Town that saved itself
Lifelines faced the axe... so locals stepped in to run them
THEY got the bug when the biggest business in their historic market town was threatened with closure.
Then, the doughty residents of Hawess got together, bought out the firm and, 25 5 years on, it’s a major success story.
With the undoubted help of Wallace and Gromit, the Wensleydale Creamery hasn’t looked back since the day the local management bought out the dairy.
In the intervening years, families in the quaint Yorkshire Dales market town have found that when the authorities want to cut their basic services, they roll up their sleeves and do it themselves.
First they took over the library, then they set up a bus service to replace rural services being axed, and three years ago the Post Office and mail sorting office came under their wing too. The police station in Hawes
‘If we don’t do it no-one will’
shut down almost 20 years ago but the force still has a physical presence in town – thanks to a room in the community building.
And the latest threat to the timeless existence in this idyllic location was the fear that the only petrol station for miles around could be sold to a property developer. This week the Upper Dales Community Partnership, a not-for-profit company now controlling all these services, stepped in again to secure the lease and ensure residents and tourists can fill up with fuel seven days a week.
The model of community stepping in where private enterprise has failed is being hailed as one for others to follow across rural Britain.
The community partnership employs 18 paid staff as well as 40 volunteers and has an annual turnover of around £350,000. The Little White Bus service began in May 2011 with one ‘clapped out’ vehicle and one volunteer driver – John Blackie, a county councillor. Now it has ten minibuses and one Land Rover and carries 60,000 passengers, both locals and tourists a year.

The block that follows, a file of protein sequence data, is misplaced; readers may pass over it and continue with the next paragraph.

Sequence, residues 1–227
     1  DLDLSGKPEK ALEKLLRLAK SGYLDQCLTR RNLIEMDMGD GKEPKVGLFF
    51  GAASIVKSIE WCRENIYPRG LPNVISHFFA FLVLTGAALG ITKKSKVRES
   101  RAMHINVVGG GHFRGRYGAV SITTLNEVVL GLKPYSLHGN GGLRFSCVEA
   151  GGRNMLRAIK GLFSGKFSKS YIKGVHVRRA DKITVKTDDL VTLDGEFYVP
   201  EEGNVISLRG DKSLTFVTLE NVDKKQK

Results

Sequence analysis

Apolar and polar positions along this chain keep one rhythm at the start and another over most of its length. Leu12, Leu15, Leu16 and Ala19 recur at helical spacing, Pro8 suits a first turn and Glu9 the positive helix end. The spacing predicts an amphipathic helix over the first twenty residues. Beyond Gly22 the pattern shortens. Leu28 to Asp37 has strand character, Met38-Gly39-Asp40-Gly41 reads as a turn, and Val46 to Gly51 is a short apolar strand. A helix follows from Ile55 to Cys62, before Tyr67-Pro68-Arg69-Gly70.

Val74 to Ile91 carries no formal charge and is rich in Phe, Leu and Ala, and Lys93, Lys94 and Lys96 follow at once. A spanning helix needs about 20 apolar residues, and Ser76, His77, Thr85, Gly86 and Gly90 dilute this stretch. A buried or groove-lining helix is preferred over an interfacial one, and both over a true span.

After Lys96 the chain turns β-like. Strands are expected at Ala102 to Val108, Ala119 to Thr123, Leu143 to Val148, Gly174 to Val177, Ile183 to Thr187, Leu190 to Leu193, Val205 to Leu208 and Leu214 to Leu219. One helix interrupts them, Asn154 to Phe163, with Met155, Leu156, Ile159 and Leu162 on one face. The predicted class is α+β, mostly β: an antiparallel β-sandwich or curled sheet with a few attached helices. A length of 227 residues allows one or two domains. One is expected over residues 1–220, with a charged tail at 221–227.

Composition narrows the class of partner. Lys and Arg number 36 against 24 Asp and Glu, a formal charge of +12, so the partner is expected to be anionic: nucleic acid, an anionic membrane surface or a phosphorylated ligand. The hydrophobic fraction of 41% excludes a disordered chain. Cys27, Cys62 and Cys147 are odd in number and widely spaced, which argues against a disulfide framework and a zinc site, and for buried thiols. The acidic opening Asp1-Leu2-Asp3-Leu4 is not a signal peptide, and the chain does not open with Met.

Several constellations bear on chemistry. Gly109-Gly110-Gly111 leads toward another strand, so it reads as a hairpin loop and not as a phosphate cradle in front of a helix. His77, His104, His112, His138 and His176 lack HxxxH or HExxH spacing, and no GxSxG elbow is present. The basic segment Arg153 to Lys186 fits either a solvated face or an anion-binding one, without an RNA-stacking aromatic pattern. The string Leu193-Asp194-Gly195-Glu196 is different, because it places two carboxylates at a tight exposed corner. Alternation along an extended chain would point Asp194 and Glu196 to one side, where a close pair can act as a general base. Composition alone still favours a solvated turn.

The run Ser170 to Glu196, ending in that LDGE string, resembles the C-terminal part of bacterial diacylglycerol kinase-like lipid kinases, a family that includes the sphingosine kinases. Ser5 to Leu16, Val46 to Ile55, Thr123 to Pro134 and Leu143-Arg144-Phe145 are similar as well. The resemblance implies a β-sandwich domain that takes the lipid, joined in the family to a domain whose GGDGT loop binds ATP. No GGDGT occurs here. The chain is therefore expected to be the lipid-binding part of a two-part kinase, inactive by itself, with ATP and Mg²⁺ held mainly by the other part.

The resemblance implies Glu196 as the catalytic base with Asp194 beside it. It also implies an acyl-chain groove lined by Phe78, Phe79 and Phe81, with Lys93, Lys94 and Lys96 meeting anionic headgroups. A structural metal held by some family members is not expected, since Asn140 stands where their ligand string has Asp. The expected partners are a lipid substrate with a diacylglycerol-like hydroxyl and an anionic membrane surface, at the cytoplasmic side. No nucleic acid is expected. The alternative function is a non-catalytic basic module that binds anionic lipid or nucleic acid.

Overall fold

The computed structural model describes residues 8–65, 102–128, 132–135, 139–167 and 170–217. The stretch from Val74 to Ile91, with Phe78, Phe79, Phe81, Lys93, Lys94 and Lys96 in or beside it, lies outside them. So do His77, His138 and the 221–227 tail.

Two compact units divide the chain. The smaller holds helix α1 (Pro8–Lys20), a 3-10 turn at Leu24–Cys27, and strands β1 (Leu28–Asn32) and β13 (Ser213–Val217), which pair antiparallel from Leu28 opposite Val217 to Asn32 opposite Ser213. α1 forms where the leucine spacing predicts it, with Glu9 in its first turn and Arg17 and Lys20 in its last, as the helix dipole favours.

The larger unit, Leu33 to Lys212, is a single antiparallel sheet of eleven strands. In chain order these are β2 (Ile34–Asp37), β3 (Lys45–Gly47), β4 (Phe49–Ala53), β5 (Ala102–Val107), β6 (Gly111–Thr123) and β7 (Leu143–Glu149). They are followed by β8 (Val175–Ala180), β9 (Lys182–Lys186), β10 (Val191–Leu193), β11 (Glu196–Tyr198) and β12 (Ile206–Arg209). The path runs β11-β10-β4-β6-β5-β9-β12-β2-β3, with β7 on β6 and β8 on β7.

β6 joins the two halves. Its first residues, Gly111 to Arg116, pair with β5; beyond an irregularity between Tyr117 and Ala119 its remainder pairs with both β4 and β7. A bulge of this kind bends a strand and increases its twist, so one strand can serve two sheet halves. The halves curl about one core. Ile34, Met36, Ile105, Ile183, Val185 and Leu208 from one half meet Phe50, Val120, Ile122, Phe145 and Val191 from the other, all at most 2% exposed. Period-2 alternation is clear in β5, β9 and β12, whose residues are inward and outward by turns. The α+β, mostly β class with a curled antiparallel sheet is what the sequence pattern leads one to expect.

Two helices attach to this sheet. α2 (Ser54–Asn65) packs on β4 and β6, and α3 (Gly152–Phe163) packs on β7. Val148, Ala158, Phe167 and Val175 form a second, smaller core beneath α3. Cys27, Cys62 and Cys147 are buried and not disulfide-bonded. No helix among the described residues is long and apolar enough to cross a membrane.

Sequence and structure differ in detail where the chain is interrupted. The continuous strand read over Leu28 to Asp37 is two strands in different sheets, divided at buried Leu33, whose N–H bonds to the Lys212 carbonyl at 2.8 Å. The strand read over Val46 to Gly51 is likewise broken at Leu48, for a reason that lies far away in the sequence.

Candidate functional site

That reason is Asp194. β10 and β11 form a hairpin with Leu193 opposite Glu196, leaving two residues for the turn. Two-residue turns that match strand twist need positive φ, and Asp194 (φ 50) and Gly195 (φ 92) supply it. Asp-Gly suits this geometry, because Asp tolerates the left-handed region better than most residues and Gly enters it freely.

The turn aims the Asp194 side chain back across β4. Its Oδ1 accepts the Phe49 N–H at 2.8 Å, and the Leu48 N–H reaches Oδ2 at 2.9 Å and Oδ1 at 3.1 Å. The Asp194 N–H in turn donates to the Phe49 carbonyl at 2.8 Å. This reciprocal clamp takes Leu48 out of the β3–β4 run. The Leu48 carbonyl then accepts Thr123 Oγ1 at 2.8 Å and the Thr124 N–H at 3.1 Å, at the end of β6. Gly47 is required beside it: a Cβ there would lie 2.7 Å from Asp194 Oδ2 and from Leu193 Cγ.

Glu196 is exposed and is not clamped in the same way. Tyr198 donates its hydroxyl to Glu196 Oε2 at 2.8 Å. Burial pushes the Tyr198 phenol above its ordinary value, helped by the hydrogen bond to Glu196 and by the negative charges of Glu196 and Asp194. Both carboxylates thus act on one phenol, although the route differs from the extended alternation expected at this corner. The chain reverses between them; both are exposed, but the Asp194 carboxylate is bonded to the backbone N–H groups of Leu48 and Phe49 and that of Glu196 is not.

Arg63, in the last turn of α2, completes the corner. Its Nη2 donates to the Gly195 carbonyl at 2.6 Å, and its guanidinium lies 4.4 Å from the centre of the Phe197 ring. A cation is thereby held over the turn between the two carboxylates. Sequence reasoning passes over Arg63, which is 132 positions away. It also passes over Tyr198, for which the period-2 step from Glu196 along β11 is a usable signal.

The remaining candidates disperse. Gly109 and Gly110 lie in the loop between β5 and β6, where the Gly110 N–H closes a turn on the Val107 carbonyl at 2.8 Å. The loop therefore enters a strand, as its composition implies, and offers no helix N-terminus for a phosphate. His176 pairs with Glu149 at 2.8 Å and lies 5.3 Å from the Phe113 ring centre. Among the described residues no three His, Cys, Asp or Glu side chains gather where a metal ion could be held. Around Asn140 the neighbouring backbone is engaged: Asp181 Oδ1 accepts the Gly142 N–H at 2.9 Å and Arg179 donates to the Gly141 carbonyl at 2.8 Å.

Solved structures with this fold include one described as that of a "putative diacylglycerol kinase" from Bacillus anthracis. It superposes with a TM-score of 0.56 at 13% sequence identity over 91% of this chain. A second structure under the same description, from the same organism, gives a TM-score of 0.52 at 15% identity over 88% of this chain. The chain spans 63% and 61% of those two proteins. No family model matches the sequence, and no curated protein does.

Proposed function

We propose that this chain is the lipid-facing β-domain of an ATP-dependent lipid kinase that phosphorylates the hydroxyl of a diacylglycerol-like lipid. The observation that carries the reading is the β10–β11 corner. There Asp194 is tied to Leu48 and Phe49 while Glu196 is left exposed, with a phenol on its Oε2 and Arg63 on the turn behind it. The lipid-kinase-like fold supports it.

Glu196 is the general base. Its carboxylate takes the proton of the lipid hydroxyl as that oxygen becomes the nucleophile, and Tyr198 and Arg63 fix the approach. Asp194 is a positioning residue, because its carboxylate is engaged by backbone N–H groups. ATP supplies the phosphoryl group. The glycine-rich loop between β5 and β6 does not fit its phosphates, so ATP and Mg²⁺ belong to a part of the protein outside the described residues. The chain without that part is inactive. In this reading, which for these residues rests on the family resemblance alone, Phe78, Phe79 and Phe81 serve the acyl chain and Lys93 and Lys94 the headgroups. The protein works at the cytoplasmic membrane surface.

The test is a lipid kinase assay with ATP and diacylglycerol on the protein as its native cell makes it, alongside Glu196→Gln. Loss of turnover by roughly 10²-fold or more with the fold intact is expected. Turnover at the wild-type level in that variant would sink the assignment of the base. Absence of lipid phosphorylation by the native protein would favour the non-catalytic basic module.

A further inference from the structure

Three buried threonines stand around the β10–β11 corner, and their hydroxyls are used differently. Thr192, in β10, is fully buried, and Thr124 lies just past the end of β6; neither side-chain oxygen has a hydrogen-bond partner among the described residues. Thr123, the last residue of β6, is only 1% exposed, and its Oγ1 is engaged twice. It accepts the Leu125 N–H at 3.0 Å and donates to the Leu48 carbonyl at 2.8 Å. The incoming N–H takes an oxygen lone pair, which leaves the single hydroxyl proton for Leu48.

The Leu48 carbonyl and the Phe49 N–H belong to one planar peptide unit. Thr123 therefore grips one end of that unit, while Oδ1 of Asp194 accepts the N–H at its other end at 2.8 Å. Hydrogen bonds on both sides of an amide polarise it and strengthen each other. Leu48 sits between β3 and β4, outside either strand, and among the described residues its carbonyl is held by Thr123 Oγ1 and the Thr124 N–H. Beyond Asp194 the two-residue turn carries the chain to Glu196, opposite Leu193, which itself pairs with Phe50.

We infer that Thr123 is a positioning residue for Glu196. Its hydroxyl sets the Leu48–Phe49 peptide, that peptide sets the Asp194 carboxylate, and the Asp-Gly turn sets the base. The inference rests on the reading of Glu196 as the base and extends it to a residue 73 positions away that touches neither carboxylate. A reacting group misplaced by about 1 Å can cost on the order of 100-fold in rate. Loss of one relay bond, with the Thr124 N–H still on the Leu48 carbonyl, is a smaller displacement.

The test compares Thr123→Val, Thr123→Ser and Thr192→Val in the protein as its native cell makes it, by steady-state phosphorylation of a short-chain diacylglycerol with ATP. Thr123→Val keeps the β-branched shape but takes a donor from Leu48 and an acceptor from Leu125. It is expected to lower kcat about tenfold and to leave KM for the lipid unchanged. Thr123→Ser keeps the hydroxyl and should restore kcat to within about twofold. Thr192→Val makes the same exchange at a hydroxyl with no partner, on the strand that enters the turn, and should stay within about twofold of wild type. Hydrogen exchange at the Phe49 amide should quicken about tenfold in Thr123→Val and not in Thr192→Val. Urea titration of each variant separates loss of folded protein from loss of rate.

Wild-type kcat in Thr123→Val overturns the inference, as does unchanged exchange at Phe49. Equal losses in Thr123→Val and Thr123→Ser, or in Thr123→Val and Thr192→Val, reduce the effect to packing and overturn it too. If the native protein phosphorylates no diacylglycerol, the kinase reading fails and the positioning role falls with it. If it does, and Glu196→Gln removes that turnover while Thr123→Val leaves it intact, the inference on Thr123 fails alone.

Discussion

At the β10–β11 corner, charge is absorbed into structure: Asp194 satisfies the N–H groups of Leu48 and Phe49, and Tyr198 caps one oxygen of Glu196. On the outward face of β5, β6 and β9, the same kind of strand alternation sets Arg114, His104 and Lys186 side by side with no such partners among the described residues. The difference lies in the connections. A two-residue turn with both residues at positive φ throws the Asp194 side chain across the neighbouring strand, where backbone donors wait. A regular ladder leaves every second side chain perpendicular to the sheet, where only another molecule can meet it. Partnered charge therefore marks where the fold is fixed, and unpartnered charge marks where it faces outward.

Hawes Post Office was threatened with closure in 2014 and so the community provided the service in its main library building and took charge of the sorting office. ‘If we didn’t run the sorting office people would have to drive 17 miles to Leyburn if they weren’t in when a parcel was delivered,’ said Abbie Rhodes, the community office manager. Commenting on their success, she said: ‘Everyone is a winner. Services are maintained, employment is created and people don’t suffer from losing something important. We are used to looking after ourselves in Yorkshire. If we don’t do it no one will do it.’ Hawes, which has a population of 1,500, , still has a small supermarket and a variety of mainly tourist-related d shops and businesses.
The Wensleydale Creamery, whichh has a turnover of £27million, 200 0 staff and uses the animated characters on many products, only survived thanks to the DIY approach. .
In 1992 Dairy Crest closed thee creamery and six months later four r ex-managers and a local businessman completed a buy-out.
Beacon of success: The historic market town of Hawes nestled in the heart of the Yorkshire Dales has gone from strength to strength thanks to its community spirit
On the right road: They created their own bus service and run a thriving library Say cheese: Wallace and Gromit boosted creamery LIBRARY
FirstFi t class:l LocalsL l tookt k over theth runningi of f theth PostP tO Office when the axe loomed and have now saved the petrol station GARAGE POST OFFICE